The stars are heavy. Heavy things need more energy to move. Therefore, when accelerating the solar mass to approximately 568 km / s (or 353 miles / s), mix. Scientists generally believed that some of the hypervelocity stars we found – the term meaning stars moving much faster than the typical "background" speed in the Milky Way galaxy – was pushed into the galaxy's void between shooter A *, a super-black black hole in our galaxy's center. Approximately 60 million kilometers in diameter, shooter A * is really a good thing (gravitationally).
But at least one star, Sagittarius A * is not a culprit. LAMOST-HVS-1, a star with a mass of 8.3 suns, was removed from the Bird Trail's inner disc about 33 million years ago and the speed was 551-587 km / s. It's much faster than most stars – for example, the Sun is moving at a speed of ~ 220 km / s, or less than half the speed of LAMOST-HVS-1. It is believed that a star can gain such a speed in two ways: either it was part of a binary pair and survived its partner's supernova, or involved in complex gravitational interactions between several bodies as part of a star cluster. 19659004]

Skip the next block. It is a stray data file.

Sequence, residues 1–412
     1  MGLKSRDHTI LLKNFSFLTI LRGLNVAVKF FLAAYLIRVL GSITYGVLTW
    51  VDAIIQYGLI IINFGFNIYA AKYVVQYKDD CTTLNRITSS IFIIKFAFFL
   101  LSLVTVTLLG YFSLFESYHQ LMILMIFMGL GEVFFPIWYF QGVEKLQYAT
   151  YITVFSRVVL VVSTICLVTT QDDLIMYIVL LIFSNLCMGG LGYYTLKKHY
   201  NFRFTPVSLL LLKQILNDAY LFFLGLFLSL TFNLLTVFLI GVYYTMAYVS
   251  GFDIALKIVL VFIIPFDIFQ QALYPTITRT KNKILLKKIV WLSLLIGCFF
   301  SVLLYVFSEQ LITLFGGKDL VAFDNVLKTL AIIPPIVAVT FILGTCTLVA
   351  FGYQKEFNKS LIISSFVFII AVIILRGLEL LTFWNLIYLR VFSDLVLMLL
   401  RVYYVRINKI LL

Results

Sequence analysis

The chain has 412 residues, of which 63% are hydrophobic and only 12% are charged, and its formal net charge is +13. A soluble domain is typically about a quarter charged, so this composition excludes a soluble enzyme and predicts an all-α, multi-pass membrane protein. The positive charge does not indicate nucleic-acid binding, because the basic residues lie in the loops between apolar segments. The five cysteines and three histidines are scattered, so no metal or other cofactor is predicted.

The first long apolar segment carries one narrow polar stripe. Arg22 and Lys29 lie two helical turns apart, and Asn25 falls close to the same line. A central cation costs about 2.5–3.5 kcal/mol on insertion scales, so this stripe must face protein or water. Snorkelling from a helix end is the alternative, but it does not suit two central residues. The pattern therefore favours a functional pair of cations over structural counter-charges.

Supernova displacement is simpler – at least as much as anything that involves the explosive mass of a star can be described as simple. a few stars or different LAMOST-HVS-1 configuration of stars and black holes is that, although we thought this star was sailed from Sagittarius A *, it seems that it comes from the Spiral Hand of the Milky Way Norma. However, there are no known massive star groups in this field that would really create high speeds.
And history becomes unfamiliar. LAMOST-HVS-1 is not just a hipervelocity star, is a huge hipervelocity star that is no longer associated with the Bird Path. The estimated weight is about eight times higher than the Sun, so an incredible amount of energy would be taken to throw the star out of the spiral arm of Norma.
"This discovery is changing our approach to the rapidly changing origins of stars," said Monica Valluri, Professor of Astronomy at the University of Michigan. "The fact that the trajectory of this massive, fast-moving star appears on the disk rather than in the center of the galaxy indicates that the extremely extreme environment required to expel the fast moving stars can occur elsewhere than the supermassive black holes. 19659004] The team does not yet have a model to accurately determine how gravitational interaction in the LAMOST-HVS-1 front yard could initially displace the galaxy void, but hopes that future research will lead to more data from the star. It is a sign that gravitational interaction around the stars can cause unusual effects that we thought could only be caused by superhuman black holes.